And the experience therefore of their customers, clients, patients, whichever

Carrie-Ann:

scenario you want to put that in.

Carrie-Ann:

I think that just from, from my point of view, I feel like You showed

Carrie-Ann:

a level of bravery and a level of courage there because you continued

Carrie-Ann:

to speak out and you continued to push even though the conditions were not

Carrie-Ann:

psychologically safe or safe in any way.

Carrie-Ann:

From, From,

Carrie-Ann:

know what I know of your experience, but.

Carrie-Ann:

But that took a level of bravery and that took a level of courage and it,

Carrie-Ann:

it probably took a lot of energy at a point in time and in your circumstance

Carrie-Ann:

where actually your energy would've been better spent somewhere else.

Carrie-Ann:

And, and for me, that makes me cross because I feel like that's very unfair.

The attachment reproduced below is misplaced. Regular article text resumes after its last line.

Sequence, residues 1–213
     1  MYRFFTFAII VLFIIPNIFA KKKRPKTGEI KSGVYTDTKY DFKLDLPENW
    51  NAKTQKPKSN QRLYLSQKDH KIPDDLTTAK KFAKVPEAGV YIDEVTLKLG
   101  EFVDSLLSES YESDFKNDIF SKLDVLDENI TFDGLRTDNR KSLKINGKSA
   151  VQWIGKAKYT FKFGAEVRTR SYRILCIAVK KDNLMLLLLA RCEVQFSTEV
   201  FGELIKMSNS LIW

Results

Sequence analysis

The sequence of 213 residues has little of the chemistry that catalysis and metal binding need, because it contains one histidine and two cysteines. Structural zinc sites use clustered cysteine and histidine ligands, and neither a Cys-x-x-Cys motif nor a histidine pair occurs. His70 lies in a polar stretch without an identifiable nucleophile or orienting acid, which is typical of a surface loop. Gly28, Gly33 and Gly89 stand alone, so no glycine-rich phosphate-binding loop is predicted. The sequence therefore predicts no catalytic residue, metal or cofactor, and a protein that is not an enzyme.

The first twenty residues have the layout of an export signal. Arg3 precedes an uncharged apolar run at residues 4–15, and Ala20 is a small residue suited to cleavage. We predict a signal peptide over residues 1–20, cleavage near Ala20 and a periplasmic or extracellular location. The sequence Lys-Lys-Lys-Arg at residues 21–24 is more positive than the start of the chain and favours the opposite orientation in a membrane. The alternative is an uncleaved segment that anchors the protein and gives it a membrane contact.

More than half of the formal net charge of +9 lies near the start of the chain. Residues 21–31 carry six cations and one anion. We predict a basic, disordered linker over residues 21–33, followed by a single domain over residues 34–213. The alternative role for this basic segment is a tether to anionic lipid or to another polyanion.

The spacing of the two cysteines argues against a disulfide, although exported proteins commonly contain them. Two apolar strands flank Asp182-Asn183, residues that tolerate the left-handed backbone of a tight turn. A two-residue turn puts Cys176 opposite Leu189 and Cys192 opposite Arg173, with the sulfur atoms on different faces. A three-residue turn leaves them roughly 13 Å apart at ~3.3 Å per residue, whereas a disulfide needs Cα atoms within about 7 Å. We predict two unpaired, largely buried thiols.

Carrie-Ann:

Fairness is something that's really important to me.

Carrie-Ann:

And I'm like if I was a leader in that organization, I would really struggle.

Carrie-Ann:

With how well I slept at night, because sadly, I imagine your experience

Carrie-Ann:

won't be one of an exception, but the organization won't know that because

Carrie-Ann:

it's been made too difficult for other feel like it's safe to speak out.

Lee:

It does have that knock on effect, which, you know, as we've already spoken

Lee:

about, that sense of someone can move or you have one experience somewhere,

Lee:

and then it can have a ripple effect in how safe you feel in other environments.

Lee:

When you're trying to build trust, you don't know that starting point when

Lee:

you're trying to build safety you don't know that starting point that someone's

Lee:

coming at and what they've experienced and, and where they might need to be met.

Lee:

It will be different for every person.

Lee:

Yeah, people's

Carrie-Ann:

backstory is always gonna be there, isn't it?

Carrie-Ann: